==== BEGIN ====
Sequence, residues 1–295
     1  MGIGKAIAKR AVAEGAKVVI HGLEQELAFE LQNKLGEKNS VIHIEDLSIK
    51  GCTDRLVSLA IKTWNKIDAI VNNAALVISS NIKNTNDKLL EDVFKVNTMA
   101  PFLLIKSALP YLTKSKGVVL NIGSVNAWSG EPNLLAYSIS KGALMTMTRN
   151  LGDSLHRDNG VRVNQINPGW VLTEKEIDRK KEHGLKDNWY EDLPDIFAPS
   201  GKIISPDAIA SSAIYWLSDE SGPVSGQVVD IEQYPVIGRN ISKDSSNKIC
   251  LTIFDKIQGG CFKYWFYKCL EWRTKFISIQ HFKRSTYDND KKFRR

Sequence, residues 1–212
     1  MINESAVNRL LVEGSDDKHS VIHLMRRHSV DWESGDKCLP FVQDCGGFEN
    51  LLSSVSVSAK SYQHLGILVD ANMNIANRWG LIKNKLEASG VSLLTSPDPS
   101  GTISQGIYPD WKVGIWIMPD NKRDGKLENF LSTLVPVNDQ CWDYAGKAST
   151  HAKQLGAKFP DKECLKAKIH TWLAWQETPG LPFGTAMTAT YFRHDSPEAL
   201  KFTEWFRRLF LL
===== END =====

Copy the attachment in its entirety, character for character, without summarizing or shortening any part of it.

Sequence, residues 1–295
     1  MGIGKAIAKR AVAEGAKVVI HGLEQELAFE LQNKLGEKNS VIHIEDLSIK
    51  GCTDRLVSLA IKTWNKIDAI VNNAALVISS NIKNTNDKLL EDVFKVNTMA
   101  PFLLIKSALP YLTKSKGVVL NIGSVNAWSG EPNLLAYSIS KGALMTMTRN
   151  LGDSLHRDNG VRVNQINPGW VLTEKEIDRK KEHGLKDNWY EDLPDIFAPS
   201  GKIISPDAIA SSAIYWLSDE SGPVSGQVVD IEQYPVIGRN ISKDSSNKIC
   251  LTIFDKIQGG CFKYWFYKCL EWRTKFISIQ HFKRSTYDND KKFRR

Sequence, residues 1–212
     1  MINESAVNRL LVEGSDDKHS VIHLMRRHSV DWESGDKCLP FVQDCGGFEN
    51  LLSSVSVSAK SYQHLGILVD ANMNIANRWG LIKNKLEASG VSLLTSPDPS
   101  GTISQGIYPD WKVGIWIMPD NKRDGKLENF LSTLVPVNDQ CWDYAGKAST
   151  HAKQLGAKFP DKECLKAKIH TWLAWQETPG LPFGTAMTAT YFRHDSPEAL
   201  KFTEWFRRLF LL